Citing Sources: Chicago Notes/Bibliography Style

This guide gives general guidelines and specific examples for using the Chicago Style Notes and Bibliography citation format.


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Erin Owens
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Introduction to This Guide

The Chicago Manual of Style actually describes two separate citation formats, generally referred to as "Notes and Bibliography" and "Author/Date."

The Notes and Bibliography format is most commonly used in History, especially here at SHSU, and thus is the focus of this guide.

Use the menu on the left to explore the detailed information in this guide. You can also access the complete, official Chicago Manual online for additional detail (requires SHSU username and password).

Turabian Style?

"Turabian" style follows the same format as Chicago style, but with a few very small modifications which are sometimes better suited to student papers (where Chicago may be designed more for with professional papers in mind).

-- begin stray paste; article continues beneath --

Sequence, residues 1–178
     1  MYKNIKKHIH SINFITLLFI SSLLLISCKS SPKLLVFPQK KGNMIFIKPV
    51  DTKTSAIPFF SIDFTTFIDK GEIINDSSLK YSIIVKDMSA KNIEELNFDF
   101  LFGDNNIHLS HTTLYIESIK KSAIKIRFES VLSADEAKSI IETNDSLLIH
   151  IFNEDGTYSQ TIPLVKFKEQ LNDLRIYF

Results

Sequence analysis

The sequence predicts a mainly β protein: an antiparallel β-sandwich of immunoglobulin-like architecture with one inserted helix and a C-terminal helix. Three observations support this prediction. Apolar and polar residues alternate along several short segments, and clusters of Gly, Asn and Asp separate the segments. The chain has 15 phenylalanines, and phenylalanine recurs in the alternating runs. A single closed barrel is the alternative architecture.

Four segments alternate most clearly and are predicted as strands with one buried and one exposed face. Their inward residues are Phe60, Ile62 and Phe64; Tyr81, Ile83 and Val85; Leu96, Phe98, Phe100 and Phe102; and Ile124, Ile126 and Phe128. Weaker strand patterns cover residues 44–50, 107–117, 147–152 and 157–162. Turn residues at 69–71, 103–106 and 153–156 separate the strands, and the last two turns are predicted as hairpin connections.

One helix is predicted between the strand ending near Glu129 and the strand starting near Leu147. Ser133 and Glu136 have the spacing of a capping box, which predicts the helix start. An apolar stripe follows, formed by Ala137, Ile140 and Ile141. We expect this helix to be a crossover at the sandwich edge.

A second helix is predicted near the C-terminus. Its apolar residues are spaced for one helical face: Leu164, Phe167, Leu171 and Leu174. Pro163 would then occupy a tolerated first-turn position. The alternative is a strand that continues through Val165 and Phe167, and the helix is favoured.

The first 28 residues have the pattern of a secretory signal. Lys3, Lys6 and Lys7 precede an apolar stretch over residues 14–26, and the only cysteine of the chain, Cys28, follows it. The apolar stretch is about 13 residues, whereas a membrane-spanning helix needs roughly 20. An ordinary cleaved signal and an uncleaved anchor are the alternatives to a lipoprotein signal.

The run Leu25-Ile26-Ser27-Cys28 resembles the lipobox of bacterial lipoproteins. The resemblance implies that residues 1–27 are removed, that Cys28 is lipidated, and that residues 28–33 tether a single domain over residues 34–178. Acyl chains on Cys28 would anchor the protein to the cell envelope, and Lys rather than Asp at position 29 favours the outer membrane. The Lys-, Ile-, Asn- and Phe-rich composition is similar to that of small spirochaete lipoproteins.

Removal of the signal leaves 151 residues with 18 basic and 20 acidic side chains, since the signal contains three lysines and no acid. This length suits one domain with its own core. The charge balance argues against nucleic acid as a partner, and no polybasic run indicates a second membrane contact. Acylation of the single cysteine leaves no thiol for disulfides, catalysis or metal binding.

See more resources on Turabian modifications of Chicago style.

Citing Sources and Avoiding Plagiarism

Cite all sources that you quote, paraphrase or refer to when writing a paper. If not, you may be guilty of plagiarism (see more about what plagiarism is and how to avoid it). Sources should be cited in the text of your paper as well as at the end in a reference list. 

A full explanation on how to cite sources using Chicago style is available in the Chicago Manual of Style, 16th ed., available at the Library Service Desk or online (see the top of this page).


In-depth assistance with writing, citing, and avoiding plagiarism is available at the SHSU Writing Center.


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